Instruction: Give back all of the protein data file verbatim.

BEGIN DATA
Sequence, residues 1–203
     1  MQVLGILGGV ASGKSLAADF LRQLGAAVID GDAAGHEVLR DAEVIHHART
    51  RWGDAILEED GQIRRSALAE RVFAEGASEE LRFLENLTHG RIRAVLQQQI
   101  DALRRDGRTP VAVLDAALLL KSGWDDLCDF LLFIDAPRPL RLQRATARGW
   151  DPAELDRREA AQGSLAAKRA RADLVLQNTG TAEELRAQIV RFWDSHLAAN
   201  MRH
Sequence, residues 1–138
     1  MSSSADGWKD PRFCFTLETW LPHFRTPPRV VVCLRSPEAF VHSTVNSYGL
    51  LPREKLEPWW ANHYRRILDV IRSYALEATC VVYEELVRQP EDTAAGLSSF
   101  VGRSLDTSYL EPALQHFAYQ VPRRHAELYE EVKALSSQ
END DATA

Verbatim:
Sequence, residues 1–203
     1  MQVLGILGGV ASGKSLAADF LRQLGAAVID GDAAGHEVLR DAEVIHHART
    51  RWGDAILEED GQIRRSALAE RVFAEGASEE LRFLENLTHG RIRAVLQQQI
   101  DALRRDGRTP VAVLDAALLL KSGWDDLCDF LLFIDAPRPL RLQRATARGW
   151  DPAELDRREA AQGSLAAKRA RADLVLQNTG TAEELRAQIV RFWDSHLAAN
   201  MRH
Sequence, residues 1–138
     1  MSSSADGWKD PRFCFTLETW LPHFRTPPRV VVCLRSPEAF VHSTVNSYGL
    51  LPREKLEPWW ANHYRRILDV IRSYALEATC VVYEELVRQP EDTAAGLSSF
   101  VGRSLDTSYL EPALQHFAYQ VPRRHAELYE EVKALSSQ